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(Photo: Sofala, a painting by Russell Drysdale - courtesy Galleries of NSW and Victoria) 

THE little town might have been going down down, but it was certainly not out yet.

  By the 1871 census the total population of the town was 644 of whom 81 (bout 12.5 percent) were Chinese. While mining was still central to the success of the town, the miners were covering a greater area and finding smaller deposits. 

The intervening years were not so good for Sofala it was time to turn to more up-to0-date te4chnology to get thr gld out of the ground. Between 1899 and 1914 dredges were brought to the valley. Their success was limited. At one point (it only lasted for two years) the Sofala Gold Dredging Co. treated 18,000 cubic yards of wash which yielded 84 ounces of gold. 

So, Sofala moved into the 20th century, it became a town of constant decline as the gold either ran out or became increasingly hard to extract. By 1948 all gold mining in the district finished. It had lasted for 92 years. 

The history of the town in the twentieth century is one of constant decline as the gold either runs out or becomes increasingly hard to extract. In 1948 all gold mining in the district finished. It had lasted for 92 years. 

The boom era became a memory, but Sofala was not going to lie rotting in the sun. As the 1900s progressed there was the need for Australians to capitalise on their history. Sofala became one of those place,s steeped in colourful history. It needed no major facelift to attract visitors.  

Suddenly it was one of the havens for our artists, people such as Russell Drysdale and Paul Haefliger was bringing the town to the rest of Australia. Artist and critic, Haefliger said of Drysdale's painting of Sofala – see above - in the Sydney Morning Herald, Jan 23, 1948. 
"Russell Drysdale's beautifully modulated 'Sofala' deserves the [Wynne] Prize. In the heat of a late afternoon, the stifling air red with dust; the main road empty of life, he conveys a difficult and lonely existence, where man constantly battles the elements."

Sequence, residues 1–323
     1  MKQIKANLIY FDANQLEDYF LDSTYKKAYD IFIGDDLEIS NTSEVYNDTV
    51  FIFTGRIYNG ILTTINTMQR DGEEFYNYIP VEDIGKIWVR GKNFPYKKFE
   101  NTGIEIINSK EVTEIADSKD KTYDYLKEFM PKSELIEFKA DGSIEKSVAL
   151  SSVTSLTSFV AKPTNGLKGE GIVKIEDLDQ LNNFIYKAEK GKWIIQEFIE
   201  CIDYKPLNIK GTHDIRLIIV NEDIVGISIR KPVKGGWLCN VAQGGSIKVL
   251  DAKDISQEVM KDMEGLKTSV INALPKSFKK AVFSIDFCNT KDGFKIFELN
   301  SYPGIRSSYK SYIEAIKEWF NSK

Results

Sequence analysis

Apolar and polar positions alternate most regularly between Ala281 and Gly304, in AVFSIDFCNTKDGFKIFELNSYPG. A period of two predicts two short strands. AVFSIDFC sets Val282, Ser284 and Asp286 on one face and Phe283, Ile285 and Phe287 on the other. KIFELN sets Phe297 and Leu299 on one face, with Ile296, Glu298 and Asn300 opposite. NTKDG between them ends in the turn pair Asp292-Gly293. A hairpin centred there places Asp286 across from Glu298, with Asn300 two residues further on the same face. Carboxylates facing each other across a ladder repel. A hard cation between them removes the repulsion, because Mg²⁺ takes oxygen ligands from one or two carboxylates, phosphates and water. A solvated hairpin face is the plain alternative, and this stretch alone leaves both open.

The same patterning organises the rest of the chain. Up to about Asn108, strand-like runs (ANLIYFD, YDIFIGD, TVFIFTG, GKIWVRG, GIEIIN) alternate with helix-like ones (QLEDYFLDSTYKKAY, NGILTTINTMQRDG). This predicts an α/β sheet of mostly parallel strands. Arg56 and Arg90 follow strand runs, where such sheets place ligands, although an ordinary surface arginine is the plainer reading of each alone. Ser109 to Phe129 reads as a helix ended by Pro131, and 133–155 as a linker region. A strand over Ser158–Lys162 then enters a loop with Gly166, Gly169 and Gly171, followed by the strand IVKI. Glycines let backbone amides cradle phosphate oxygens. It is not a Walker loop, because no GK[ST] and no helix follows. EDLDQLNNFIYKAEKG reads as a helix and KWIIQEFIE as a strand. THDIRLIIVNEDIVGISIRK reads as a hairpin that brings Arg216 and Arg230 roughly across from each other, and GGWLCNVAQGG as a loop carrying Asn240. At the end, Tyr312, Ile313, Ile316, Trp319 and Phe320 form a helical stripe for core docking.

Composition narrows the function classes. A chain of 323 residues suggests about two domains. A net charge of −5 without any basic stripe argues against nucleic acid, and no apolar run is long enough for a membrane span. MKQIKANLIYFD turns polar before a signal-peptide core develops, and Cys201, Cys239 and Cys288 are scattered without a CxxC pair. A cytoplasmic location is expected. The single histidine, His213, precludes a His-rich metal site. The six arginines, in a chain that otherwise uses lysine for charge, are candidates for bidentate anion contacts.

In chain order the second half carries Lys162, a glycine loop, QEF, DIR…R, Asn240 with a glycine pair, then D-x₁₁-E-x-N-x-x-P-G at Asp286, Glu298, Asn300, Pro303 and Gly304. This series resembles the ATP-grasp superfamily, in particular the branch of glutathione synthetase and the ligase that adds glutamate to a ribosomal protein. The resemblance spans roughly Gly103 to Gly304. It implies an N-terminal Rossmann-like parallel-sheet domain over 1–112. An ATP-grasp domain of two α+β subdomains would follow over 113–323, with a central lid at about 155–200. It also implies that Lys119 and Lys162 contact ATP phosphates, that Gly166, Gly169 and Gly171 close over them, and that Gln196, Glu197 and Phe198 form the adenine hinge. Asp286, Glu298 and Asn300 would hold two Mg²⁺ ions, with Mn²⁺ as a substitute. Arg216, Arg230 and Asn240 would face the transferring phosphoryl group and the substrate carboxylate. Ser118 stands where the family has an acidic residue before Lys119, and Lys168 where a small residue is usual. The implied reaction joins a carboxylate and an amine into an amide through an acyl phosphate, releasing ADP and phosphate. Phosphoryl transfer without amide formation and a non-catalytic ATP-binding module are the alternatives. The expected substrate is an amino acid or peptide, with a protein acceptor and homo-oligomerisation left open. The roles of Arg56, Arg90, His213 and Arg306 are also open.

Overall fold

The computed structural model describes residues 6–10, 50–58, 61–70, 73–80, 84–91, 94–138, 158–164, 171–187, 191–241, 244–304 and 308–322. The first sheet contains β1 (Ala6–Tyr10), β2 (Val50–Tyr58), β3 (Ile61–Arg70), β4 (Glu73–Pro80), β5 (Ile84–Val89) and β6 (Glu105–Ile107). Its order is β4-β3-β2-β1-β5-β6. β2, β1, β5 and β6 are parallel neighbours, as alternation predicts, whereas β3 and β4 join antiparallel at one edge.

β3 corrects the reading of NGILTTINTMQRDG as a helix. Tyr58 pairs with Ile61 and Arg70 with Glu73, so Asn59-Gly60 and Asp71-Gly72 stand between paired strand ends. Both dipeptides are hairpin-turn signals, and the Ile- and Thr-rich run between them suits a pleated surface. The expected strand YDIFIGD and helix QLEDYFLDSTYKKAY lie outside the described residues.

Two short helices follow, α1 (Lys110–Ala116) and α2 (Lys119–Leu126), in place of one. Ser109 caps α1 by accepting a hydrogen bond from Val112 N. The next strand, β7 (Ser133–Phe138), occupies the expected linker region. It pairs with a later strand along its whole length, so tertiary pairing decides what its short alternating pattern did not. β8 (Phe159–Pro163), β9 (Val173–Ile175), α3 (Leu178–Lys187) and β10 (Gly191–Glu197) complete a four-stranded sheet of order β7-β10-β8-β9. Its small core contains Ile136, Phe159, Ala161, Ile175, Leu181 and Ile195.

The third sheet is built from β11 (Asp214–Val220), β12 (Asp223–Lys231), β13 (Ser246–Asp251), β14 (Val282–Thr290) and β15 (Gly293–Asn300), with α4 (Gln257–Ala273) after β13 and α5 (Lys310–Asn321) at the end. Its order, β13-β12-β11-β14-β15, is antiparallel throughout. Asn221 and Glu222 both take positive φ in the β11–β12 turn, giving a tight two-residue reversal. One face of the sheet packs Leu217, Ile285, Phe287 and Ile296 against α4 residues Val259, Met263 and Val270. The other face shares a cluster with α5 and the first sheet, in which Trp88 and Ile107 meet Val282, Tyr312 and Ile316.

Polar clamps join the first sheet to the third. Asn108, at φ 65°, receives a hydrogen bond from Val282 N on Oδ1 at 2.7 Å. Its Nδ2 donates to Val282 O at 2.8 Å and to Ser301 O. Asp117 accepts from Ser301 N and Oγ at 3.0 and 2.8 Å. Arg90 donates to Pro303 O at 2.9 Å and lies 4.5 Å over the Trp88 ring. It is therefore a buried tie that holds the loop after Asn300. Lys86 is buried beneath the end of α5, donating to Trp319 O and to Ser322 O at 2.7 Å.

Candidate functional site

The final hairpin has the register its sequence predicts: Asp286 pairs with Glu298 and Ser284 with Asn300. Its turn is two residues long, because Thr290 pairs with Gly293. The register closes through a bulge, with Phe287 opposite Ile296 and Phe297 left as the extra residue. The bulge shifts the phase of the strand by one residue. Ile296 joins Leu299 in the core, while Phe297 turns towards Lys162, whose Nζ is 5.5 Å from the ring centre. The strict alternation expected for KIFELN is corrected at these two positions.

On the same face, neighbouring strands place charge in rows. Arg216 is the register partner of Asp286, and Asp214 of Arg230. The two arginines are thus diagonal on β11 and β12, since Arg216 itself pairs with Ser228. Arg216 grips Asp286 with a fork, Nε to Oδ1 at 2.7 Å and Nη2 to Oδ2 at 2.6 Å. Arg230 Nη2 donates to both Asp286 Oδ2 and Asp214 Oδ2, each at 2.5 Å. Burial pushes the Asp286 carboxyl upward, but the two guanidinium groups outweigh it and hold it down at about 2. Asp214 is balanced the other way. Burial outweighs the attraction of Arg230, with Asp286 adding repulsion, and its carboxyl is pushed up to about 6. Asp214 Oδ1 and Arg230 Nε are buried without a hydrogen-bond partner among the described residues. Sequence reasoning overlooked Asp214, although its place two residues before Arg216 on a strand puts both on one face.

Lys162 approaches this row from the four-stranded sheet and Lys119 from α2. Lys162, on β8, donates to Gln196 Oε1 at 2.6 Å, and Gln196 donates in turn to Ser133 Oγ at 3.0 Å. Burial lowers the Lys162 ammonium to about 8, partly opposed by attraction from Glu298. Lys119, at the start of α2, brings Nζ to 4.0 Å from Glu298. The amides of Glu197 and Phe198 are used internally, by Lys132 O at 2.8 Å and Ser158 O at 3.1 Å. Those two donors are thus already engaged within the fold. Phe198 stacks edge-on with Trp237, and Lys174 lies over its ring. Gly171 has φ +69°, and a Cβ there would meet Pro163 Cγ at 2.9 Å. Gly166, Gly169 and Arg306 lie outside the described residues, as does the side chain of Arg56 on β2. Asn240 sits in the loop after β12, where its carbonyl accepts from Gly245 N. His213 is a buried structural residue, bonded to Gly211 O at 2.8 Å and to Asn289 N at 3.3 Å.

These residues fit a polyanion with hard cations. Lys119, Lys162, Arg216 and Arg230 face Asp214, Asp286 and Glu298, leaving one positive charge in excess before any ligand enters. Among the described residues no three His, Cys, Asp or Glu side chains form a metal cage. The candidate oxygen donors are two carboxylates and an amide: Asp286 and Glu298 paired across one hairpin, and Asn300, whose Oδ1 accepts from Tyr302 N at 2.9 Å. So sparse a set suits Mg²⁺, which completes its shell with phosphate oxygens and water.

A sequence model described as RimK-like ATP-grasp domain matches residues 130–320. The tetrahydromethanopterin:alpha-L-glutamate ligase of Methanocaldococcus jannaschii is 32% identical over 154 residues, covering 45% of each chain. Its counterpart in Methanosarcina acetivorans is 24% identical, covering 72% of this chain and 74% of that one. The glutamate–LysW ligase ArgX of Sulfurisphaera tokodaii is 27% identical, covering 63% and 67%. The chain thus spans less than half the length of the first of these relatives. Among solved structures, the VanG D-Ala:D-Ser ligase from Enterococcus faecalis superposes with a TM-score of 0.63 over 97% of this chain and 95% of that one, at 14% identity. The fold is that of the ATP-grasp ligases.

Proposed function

*The Wynne Competition is for landscape paintings.

One is drawn into the painting and if you have a vivid imagination like the writer, you're sitting on the veranda at the Royal, sipping a cooling, cleansing ale and letting the rest of the world go by.

Just a quick 45 klick trip from Bathurst and you're back to the past.  Sofala has some pretty nifty tourist tempters, such as:

The Old Bank of New South Wales building in the main street .
With its interesting lacework and its weatherboard construction, The Old General Store in Denison Street is one of the town's most notable buildings. It was built in the 1860s to meet the needs of the local miners. 

Royal Hotel 
Over the road from the General Store is the Royal Hotel which was established in 1862. The first Royal Hotel in Sofala opened on 7 October 1851. 

Post Office 
Now a private residence the Post Office was built in 1879 and continued operating until 1989. It is a gracious two-storey building which has been turned into an interesting home. 

Gas Hotel 

This hotel dates from late 1851 and, because the foundations are timber stumps which have sunk over time, the building looks as though it was knocked together in a hurry by a miner or carpenter who had overloaded on libations.

Court House 
This building has changed function three times. It was built in 1874 as a court house. By 1934 it had become the local hospital and in the early 1960s it became the Community Health Centre. 

Hylands Hotel 
Built on the site of the Globe Hotel (one of the town's original pubs) it still has the original shingles and cellar. It is now a private residence. 

For those who want to remain in the car, the Sofala Souvenir Shop has a 'self-drive' tour which covers a number of interesting destinations around Sofala. 

Upper Turon 
This drive includes the Church of England cemetery (with graves dating from 1851), the old Sofala school (1881), the original hospital (1860s), the original diggings, the privately-owned Western Goldfields Museum, the Chinese settlement, Ration Hill and Pennyweight Creek. The instructions are clear and there is a good map. 

Lower Turon 
On the same sheet are clear instructions for those interested in exploring the Lower Turon. This drive includes Spring Creek, the remains of the 'Queenslander Battery', a picnic spot where you can still pan for gold and the unusual Wallaby Rocks - a good place for swimming. Again the map and the instructions are easy to follow. 

 Now, with your appetite whetted it's not too far to the next point of call, close to Sofala, historic Hill End. A place, we'll be visiting shortly.


Published: Jun 21, 2008 3:43pm by al1801.

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